I have never met a Finn in the flesh, but they have always intrigued me. It all began with “Suomi Finland”. That’s what it says on Finnish postage stamps. I know this because I used to collect them as a boy. I also had stamps from the mysterious countries of Helvetia and Magyar Posta, which I suspected were hidden behind the Iron Curtain, because I couldn’t find them on any map. When I asked my mother, she sighed, walked over to the bookcase and pulled two volumes of Collier’s Encyclopaedia off the shelf. “I didn’t sit listening to that idiot for nothing, I hope?” she asked rhetorically. The idiot she was referring to was the door-to-door salesman who had stroked our little heads as he waxed lyrical about his “volumes crammed full of knowledge that no child should be without.” My mother was unimpressed by his spiel, but my father felt his children should have easy access to works of reference that allowed them to discover that the mysterious Helvetia and Magyar Posta were in fact Switzerland and Hungary or, more accurately, the Hungarian postal service.
But I always retained a soft spot for “Suomi Finland”, partly because they took the trouble to include their country’s name in English, which meant that, should I ever meet a real Finn, I could point to him or her and ask: “Suomi?”
As kids, we also had an inflatable dinghy that had warnings printed on the side in about fifteen different languages. Most of those languages needed lots of words to caution playing children. Finnish needed only four or five. Each word was packed with vowels, which made them sound like one-word poems when we read them out loud. We imagined Finns chanting these meditative sounds while floating in slow motion through the air with wing-sized skis strapped to their feet or as they flew along treacherous roads in fast cars.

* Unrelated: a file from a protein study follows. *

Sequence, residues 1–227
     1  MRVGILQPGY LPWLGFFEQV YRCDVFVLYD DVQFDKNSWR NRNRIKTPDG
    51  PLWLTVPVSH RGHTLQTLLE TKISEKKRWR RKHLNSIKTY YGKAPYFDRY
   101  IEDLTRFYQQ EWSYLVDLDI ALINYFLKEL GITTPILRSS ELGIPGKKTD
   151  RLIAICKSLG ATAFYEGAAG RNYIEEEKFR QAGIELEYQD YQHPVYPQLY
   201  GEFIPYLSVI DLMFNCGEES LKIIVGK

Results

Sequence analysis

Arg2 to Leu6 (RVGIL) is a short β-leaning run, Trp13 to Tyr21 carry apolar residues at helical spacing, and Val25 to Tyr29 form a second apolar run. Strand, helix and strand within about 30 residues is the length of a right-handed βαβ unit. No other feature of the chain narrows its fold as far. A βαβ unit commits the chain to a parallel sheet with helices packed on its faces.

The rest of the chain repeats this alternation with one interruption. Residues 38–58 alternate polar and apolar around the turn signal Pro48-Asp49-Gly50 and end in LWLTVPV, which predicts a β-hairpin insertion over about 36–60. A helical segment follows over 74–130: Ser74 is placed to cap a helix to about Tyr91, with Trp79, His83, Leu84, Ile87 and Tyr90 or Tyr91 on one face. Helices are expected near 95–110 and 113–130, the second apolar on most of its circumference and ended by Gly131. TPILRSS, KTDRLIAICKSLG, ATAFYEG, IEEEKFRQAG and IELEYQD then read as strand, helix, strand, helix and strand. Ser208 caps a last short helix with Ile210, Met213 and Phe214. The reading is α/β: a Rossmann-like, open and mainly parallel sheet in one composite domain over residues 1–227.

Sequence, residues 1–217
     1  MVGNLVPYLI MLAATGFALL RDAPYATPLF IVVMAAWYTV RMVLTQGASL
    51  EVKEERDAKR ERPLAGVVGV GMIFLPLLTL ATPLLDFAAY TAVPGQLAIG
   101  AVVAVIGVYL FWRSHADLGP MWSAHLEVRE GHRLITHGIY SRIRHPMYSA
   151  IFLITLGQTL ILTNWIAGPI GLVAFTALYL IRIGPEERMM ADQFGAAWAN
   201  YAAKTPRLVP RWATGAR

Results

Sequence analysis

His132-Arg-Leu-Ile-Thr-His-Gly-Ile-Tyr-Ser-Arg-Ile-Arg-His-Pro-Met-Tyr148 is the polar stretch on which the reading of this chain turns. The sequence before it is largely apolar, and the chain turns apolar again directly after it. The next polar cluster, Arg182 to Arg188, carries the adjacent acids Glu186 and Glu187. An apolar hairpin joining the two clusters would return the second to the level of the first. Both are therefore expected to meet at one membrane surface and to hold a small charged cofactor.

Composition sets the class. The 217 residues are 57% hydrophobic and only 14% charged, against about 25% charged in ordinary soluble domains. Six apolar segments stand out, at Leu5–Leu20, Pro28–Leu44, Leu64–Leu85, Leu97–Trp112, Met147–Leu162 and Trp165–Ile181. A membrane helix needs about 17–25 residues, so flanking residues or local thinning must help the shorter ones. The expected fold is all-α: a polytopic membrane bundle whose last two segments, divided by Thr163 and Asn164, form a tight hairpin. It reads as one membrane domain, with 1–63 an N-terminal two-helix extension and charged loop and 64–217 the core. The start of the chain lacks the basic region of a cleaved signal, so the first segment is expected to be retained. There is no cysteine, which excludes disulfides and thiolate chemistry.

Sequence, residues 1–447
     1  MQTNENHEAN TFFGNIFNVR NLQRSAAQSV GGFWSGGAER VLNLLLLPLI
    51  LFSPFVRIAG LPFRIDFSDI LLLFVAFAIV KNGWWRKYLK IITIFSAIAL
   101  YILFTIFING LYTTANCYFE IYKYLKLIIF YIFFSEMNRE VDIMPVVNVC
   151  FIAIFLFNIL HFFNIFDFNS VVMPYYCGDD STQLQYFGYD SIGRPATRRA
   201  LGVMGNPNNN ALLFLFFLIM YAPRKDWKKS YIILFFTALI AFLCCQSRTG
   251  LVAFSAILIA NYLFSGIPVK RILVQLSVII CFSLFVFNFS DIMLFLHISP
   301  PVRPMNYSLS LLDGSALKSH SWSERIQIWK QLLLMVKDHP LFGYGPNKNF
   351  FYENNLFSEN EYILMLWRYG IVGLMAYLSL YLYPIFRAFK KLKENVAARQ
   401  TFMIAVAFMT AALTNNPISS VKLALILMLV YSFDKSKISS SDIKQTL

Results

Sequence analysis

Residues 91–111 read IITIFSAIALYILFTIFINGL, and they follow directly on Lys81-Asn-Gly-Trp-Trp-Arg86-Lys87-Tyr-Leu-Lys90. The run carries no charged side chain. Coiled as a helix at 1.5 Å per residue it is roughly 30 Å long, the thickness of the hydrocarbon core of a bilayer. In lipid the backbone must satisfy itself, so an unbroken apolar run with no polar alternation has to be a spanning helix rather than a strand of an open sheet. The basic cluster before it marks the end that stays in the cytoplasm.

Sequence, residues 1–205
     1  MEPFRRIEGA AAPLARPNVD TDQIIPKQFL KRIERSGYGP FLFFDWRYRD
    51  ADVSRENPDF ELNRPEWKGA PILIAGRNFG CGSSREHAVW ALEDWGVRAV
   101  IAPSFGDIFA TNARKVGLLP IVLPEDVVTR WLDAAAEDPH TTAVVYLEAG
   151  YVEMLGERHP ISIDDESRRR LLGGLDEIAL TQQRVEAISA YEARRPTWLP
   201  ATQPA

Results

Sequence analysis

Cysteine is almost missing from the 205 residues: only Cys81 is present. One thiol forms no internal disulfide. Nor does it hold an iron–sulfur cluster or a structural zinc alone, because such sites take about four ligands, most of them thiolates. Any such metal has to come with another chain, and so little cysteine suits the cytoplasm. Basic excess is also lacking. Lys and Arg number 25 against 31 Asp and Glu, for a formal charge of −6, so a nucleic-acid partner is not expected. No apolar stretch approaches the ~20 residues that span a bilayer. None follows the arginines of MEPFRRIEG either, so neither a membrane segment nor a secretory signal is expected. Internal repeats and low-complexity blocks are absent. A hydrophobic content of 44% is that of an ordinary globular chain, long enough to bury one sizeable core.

Finland has, of course, produced some great architects and popular mobile phones, but I was still stuck with the image of rough-and-ready Finns chasing reindeer through the snow. In short, it was high time to lay this prejudice to rest. I wracked my brain, but no real strategy emerged, so I decided to go in search of the longest Finnish word I could find. According to several online sources, that word is:
Of course I immediately committed the entire word to the Great Oracle and got more than 3,000 hits. To my delight, I saw that one of those hits was for a Facebook group devoted to this mega-word. I swiftly became the 377th member and learned that this is actually a compound term meaning “technical non-commissioned officer trainee specialized in aircraft jet engines” (or something to that effect). I also learned that the longest single word is:
The longest Finnish place name is:
Now all I need is a friendly Finn who can explain these words to me and answer the question that has been burning in my mind for so long: How many Finnish people are killed each year playing Scrabble?
(Seriously though, suomalaiset ystävät, where should we go when we visit your beautiful country? This is a travel blog, after all.)